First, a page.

The move has destabilized relations between the unions at a time the 25-year-old SANZAAR alliance between Australia, New Zealand and South Africa looks to be dead in the water, with South Africa determined to join Europe’s Six Nations.
NZR, which on Sunday announced the sacking of All Blacks assistant coaches John Plumtree and Brad Mooar and the appointment of Crusaders assistant Jason Ryan, are gobsmacked Australian administrators think RA is entitled to an even cut of pooled broadcast rights revenue.
Kiwi broadcaster Sky tips in about $90 million to the current deal and Nine, the rights holders in Australia and publishers of this masthead, tip in about $30 million. Out of that, NZR gave Australia an extra $5 million, under terms agreed when Australia’s financial survival was in question.
RA, feeling like they are back on a stronger footing with expected cash injections ahead of the 2025 British and Irish Lions tour and 2027 Rugby World Cup, want the next deal to recognize the union’s improved prospects.
Whatever the outcome of this week’s chat, expected to be attended by McLennan, Robinson and NZR chairman Stewart Mitchell, Marinos and Robinson will also break bread in Birmingham this weekend.
Their meetings – and that car trip back to London after competition – will go a long way to determining the spirit in which negotiations continue, with RA intent on having the foundations of the new deal sorted by the end of August.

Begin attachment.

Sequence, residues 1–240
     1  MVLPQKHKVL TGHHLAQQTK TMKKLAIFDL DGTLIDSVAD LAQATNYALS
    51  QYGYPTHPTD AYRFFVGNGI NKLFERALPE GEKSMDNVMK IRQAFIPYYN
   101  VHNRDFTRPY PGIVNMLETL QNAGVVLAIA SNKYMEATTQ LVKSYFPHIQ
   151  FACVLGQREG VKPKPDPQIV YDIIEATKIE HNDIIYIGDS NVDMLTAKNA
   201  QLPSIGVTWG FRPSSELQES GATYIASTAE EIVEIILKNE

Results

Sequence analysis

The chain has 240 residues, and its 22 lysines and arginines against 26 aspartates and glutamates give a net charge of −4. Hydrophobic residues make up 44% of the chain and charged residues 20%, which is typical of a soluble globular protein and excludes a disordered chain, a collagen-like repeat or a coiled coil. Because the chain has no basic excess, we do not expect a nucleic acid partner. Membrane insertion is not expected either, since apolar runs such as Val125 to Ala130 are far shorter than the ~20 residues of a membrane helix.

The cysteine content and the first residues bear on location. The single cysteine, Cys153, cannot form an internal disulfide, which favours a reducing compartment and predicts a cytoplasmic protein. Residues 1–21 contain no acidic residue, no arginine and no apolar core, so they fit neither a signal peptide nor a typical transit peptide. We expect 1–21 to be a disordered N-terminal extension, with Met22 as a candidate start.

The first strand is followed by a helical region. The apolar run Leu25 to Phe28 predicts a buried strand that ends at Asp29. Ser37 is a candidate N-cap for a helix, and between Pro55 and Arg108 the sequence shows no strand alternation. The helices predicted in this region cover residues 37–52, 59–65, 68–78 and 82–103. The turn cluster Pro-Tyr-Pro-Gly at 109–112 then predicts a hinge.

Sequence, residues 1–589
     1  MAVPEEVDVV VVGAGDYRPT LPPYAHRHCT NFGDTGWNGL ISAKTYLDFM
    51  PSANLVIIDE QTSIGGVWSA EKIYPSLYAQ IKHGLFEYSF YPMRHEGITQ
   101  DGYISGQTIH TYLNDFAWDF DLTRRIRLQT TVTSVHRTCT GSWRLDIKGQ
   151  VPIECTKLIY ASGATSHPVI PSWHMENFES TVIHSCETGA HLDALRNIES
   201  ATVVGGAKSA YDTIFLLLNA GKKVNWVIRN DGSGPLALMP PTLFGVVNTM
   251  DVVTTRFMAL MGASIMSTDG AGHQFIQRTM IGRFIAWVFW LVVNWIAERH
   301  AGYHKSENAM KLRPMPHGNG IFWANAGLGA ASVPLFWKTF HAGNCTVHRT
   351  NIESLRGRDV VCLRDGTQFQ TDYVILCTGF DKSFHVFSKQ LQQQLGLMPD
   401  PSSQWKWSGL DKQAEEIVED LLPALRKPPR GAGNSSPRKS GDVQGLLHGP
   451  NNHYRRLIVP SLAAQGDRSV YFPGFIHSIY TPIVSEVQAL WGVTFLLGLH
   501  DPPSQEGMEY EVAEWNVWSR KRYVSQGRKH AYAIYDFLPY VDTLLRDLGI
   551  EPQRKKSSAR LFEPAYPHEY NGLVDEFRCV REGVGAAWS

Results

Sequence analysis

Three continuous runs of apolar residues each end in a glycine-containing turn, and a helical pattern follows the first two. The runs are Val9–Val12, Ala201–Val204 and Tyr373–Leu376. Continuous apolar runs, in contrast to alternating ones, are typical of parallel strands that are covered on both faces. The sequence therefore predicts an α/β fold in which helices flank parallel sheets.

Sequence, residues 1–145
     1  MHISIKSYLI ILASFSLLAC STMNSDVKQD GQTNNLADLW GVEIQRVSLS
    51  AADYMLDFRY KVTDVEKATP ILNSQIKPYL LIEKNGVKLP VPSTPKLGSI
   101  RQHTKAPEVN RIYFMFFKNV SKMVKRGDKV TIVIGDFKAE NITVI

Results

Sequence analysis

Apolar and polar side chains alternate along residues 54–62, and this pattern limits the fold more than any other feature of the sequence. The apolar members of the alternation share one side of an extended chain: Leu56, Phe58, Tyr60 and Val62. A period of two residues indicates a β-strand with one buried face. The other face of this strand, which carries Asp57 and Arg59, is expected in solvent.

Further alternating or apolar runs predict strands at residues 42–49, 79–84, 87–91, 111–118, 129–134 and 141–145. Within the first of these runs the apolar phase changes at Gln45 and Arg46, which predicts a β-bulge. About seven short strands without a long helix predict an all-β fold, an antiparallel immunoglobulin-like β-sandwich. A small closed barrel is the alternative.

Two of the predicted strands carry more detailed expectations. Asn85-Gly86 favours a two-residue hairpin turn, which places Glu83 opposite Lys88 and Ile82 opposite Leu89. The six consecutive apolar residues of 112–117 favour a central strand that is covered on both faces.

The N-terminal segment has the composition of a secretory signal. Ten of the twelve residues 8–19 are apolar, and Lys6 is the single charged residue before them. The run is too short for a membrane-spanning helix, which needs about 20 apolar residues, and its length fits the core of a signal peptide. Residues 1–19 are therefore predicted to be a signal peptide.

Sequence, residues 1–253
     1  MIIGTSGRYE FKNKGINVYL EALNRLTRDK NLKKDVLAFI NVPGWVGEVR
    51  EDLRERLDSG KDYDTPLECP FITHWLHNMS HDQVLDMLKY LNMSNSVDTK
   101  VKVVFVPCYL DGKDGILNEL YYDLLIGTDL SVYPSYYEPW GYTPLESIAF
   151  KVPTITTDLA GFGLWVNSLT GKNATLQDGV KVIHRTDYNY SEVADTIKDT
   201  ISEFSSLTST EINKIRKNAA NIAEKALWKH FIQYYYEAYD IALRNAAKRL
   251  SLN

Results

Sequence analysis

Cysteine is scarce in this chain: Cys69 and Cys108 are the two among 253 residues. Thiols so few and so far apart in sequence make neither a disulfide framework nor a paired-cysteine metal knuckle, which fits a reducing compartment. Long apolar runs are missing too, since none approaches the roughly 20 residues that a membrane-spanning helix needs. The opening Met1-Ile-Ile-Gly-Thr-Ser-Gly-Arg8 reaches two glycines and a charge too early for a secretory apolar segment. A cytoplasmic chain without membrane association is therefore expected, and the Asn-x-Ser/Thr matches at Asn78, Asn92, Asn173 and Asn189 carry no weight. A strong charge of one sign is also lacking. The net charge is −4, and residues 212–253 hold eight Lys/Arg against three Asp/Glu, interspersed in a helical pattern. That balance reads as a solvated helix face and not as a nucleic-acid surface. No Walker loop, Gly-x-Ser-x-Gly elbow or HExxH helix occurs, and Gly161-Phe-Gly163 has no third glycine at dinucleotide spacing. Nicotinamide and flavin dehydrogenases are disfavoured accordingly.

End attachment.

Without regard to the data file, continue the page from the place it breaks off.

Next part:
Meanwhile, Scott Robertson’s right-hand man at the Crusaders has been recruited to the All Blacks set-up, while Joe Schmidt’s influence has grown, in a major shake-up of the New Zealand coaching staff.
Head coach Ian Foster was spared the ax after the All Blacks’ historic series loss to Ireland this month, but New Zealand Rugby have sacked his two assistant coaches, John Plumtree and Brad Mooar.
Ryan and Robertson presided over one of the most successful periods in the storied club’s history, winning six Super Rugby titles together.
Ryan will work with the side’s scrum coach, Greg Feek.
Foster will resume responsibility for attack, with help from former Ireland coach Joe Schmidt, who has also been appointed independent selector.
Schmidt stepped in to help the side when COVID-19 hit the squad and coaching staff at the start of the Ireland series. He will also fill an analysis role and advise on overall strategy.
The changes come on the eve of The Rugby Championship, which kicks off with New Zealand touring South Africa for two Tests and Australia touring Argentina.
Elsewhere, Tonga secured a spot at the 2023 World Cup with a 44-22 win over Hong Kong on the Sunshine Coast on Saturday.
Tonga, coached by Wallabies great Toutai Kefu, were down injured stars Malakai Fekitoa, Israel Folau and Charles Piutau, but will now play pool games against South Africa, Ireland, Scotland and Romania in the tournament in France next year.
Hong Kong have another chance to qualify later this year.
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